significant.

Advocacy relationships must be in place for all of our top talent.  If left to chance, the relationships will most likely not be in place for the individuals who
represent a critical part of our future because they represent something
different.  Targeted Advocacy Programs are not difficult to implement. 
The ripple effect benefit of these programs is immense. 
One method of shifting culture is to work closely with those individuals
who represent the future.  Bias is generally unconscious.  Bias begins
to break down as we gain personal experience interacting with individuals. Both the advocate and the protégé learn from these relationships.   


 
 
There is a lot of buzz about the need for advocacy or sponsorship relationships as opposed to mentor relationships.  What is the difference?

The most significant difference between mentors and advocates is the level of active involvement in the career of the protoge. Sponsors and advocates are in a position of influence in the organziation.  Sponsor/advocates are also close enough to the protoges career trajectory AND personal goals to clearly see in detail where the protoge should be focusing their efforts in the near future to accomplish THEIR professional (and sometimes life) goals.   In addition the sponsor/advocate is  in position to be able to influence the opportunities the protoge has access to and is willing to actively "advocate" or "sponsor" this individual by placing personal reputation and political capital on the line in support of the protoge.  Lets face it, if we recommend someone for an assigment, promotion, raise, committee, opportunity of any kind- we put a portion of our reputation on the line. This is the primary difference between mentors and sponsor/advocates.  Many people have mentors who in fact have been playing the sponsor/advocate role -many times without the knowledge of the protoge.  Until we are insiders of the leadership team we often are unaware of how prevalent the sponsor/advocacy system is.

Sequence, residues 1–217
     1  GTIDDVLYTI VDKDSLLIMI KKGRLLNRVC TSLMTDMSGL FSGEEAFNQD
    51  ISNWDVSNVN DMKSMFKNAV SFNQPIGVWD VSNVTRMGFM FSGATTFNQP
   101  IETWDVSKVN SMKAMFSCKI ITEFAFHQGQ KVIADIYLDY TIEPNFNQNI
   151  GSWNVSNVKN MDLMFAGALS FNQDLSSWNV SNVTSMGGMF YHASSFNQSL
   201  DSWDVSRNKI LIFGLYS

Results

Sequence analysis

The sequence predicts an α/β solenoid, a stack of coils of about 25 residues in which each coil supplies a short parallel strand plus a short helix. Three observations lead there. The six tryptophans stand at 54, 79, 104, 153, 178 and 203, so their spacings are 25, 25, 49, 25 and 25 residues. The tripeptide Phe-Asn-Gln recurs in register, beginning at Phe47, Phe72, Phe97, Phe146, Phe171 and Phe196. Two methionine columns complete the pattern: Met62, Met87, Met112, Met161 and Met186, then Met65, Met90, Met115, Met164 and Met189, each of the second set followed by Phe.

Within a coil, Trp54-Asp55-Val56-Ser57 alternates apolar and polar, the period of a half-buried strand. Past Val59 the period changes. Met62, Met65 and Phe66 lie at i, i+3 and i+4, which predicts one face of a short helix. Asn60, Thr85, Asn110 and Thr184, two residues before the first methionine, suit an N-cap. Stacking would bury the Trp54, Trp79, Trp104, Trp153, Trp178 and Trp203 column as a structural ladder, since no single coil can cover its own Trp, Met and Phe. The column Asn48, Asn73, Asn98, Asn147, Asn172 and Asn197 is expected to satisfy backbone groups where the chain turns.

The sponsor/advocate also plays the role of education, awareness raising and skill building which may be common to mentor relationships.  One of the most challenging things about career progression is understanding exactly what you should be doing when , how to procure these assignments for yourself and how to ensure the right people know you are doing the right things.  These steps cannot be accomplished independently in most organizations.  Hence the need for sponsor/advocates.